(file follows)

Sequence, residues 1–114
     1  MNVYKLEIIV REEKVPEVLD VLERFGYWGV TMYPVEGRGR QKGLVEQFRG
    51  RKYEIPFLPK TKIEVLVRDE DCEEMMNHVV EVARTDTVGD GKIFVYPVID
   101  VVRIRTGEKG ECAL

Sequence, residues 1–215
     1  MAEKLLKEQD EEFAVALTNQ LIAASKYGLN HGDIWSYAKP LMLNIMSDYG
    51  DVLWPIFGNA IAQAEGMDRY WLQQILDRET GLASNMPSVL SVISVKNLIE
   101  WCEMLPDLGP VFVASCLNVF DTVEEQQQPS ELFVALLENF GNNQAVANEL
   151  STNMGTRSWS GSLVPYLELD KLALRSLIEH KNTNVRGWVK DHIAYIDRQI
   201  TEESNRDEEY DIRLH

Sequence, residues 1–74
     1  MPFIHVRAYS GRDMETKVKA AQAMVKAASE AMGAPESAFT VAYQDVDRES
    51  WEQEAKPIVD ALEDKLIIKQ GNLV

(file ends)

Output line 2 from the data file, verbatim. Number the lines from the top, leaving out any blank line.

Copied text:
     1  MNVYKLEIIV REEKVPEVLD VLERFGYWGV TMYPVEGRGR QKGLVEQFRG